Tuesday, November 29, 2016
Let There Be Light(s)
The Lovestead outdoor Christmas-light display went up yesterday. Mind you, ours could not hold a candle to the Butler extravaganza down at the other end of South Center Valley Road.
Now that he's retired from his teaching career, Dan Butler's Christmas light show---which has been adorning his neck of the Selle woods (not to be confused with the family of Woods)---pretty much since after Halloween, has pretty much doubled in size.
We've already enjoyed his thousands of colorful jewels lighting up the darkness a couple of times while driving to ZAGS games/gobble fests at my sisters' house over on Center Valley Road. And, I'm sure we'll love seeing it for the next several weeks.
Dan's colorful array of lighting winding around his trees and adorning his buildings is truly something to behold, especially out in these parts.
That said, I'm rather happy with my deck lights, especially because they made it so easy on me yesterday as I put them up. I guess past years of hard work, involving just where to put the nails has paid off.
It took all of ten minutes to complete yesterday's job.
Plus, I already had installed that string of little twinkle lights for the Cousins' reunion in early October.
Anyway, a small but effective dose of Christmas magic outside the window should add a festive touch to each day from now until New Year's Day.
Yesterday turned out to be the holiday "get started" day with several gifts ordered on Cyber Monday and most of my Christmas cards addressed and stamped.
The baking has not yet begun, but the $$$ needed for ingredients have been spent at the grocery stores. After Thanksgiving, it's always hard to think about having more fattening food on the premises, but I'm usually pretty careful and disciplined with my cookie baking.
Two or three of each new batch will sit on a plate for free grazing while the rest will go in the freezer.
Among the other items on yesterday's agenda, which involved taking the car to the body shop and Bill's trouble shooting for our stove which has some problems, we teamed up to back the travel trailer into the storage shed/shop for the winter.
Its additional length over the R-pod means taking up a lot more space inside the shop, but I found the walk to the barn rather dramatic this morning as a whole lot of outdoor space opened up along the route where the trailer had been parked for a few weeks.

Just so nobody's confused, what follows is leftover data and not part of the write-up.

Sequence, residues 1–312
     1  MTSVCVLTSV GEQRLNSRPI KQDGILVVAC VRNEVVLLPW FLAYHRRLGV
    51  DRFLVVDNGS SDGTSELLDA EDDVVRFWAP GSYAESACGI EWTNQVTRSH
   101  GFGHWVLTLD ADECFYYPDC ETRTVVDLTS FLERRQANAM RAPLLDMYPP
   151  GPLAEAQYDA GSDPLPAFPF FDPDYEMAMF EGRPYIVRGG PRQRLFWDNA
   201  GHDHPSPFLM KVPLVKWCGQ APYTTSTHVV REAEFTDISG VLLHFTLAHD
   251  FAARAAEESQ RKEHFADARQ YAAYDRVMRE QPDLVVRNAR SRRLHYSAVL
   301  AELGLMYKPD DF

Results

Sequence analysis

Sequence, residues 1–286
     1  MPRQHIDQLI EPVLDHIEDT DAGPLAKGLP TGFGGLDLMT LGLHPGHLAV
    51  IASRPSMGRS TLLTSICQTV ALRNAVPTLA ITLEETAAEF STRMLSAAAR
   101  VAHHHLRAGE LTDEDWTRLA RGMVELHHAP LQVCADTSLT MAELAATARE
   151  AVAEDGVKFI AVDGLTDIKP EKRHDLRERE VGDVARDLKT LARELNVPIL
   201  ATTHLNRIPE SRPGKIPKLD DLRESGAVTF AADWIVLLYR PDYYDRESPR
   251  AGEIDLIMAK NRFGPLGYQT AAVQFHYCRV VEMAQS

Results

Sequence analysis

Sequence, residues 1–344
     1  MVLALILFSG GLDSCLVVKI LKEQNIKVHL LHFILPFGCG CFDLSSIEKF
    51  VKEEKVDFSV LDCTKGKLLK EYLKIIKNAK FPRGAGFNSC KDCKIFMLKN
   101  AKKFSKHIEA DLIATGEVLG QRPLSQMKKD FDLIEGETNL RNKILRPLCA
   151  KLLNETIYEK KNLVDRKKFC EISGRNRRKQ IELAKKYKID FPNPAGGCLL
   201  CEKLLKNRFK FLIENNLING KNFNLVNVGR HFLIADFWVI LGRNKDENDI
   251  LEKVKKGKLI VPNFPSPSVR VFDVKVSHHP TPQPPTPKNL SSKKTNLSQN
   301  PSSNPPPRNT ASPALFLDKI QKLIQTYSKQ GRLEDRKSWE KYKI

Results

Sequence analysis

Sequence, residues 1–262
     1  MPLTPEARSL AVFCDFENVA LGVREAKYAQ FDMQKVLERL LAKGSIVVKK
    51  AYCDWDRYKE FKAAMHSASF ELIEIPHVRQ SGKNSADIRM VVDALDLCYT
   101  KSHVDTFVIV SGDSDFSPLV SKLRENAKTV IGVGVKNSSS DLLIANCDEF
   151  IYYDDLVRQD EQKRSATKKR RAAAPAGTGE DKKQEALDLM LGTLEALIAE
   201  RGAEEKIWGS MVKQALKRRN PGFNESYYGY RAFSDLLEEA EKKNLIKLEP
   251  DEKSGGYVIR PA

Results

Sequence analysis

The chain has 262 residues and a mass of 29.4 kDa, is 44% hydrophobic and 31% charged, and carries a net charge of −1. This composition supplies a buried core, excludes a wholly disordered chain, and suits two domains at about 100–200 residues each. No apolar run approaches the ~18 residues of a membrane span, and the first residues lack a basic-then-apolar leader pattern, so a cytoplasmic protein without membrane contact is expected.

In other news, two furry buddies just raced upstairs and are vying for my personal attention in a small space right next to my computer. So far, Foster has dominated the competition.
In adhering to balanced reporting of the good, the bad and the stressful, I must announce that those two furry boys did a bad thing yesterday.
They ran away.
Feeling sorry for them for having to stay inside so much of late, I told Bill that I would be giving them some extra freedom besides their usual morning pasture play. They, along with Kiwi, could play with their ball in the yard while I raked a few leftover leaves.
Of late, that ball has served a stress reliever for me, knowing that their focus is pretty fixed on getting it away from the holder or holding on to it so others can't have it.
Well, I think Foster and Liam had devised a plot. As the three dogs stayed within a 10-foot radius, taking turns with the ball, Kiwi grabbed it. She usually holds it for some time before Liam figures out how to distract her and grab it away from the clutches of her teeth.
At the very moment, Kiwi got the ball, Liam suddenly darted off toward the woods with Foster following right behind.
The experts tell me and I've become a believer that "DOWN" can save a dog's life. For the past several weeks, after much practice, whenever I have yelled "DOWN" to Liam, he has immediately collapsed to the ground and remained in place.
Once they hit the starting gates, those two were off to the races bounding through the woods, headed west, which is not good.
I desperately yelled "DOWN" at least half a dozen times, running after them through ankle deep water. They would hear nothing of my rather emphatic suggestion.
Soon, Bill came outside as I moved on through the woods. Finally, I yelled to him to get in the car and head down Selle Road. Then, I moved on through the woods, completely losing sight of them.
By the time I reached our west boundary, I could see no dogs of ours but could hear loud barking from two sets of neighbor dogs.
I left our woods and headed down a lane slogging through calf-deep water. The lane, next to our neighbor Wes' place runs north and south to Selle Road. Calling and looking all around me, I saw no sign of them!
By the time I returned to our woods, tears were flowing along with thoughts of never seeing them again or learning that they had met with a horrible end.
Walking north along the swale, I through my tears, I suddenly spotted Foster but no Liam.
Foster was coming from a pretty scary area. For a minute or two, I was sure Liam had probably gone where no dog from our place should ever go, so I kept walking and crying.
Reaching the lodgepole pasture, I saw something black and white, looking back at me, a most beautiful sight.
Liam had stopped and was waiting in precisely the spot where I had found him once before on an unauthorized freedom run.
I wanted to hug him but maintained a neutral demeanor as I grabbed his leash and we walked back through the woods where Foster had met up with Bill.
It was a horrible 15 minutes that turned out okay, but we now know that we cannot trust those two when they're off leash and in the yard together.
I hate the reality of the situation, but we'll keep adjusting to keep them safe. This morning I'm just thankful to have them back so they can keep coming upstairs to my computer and compete for attention.
Who said having dogs was ever easy? Still, it's a relationship that goes along with another word I've used before in regard to these two renegade pups----priceless.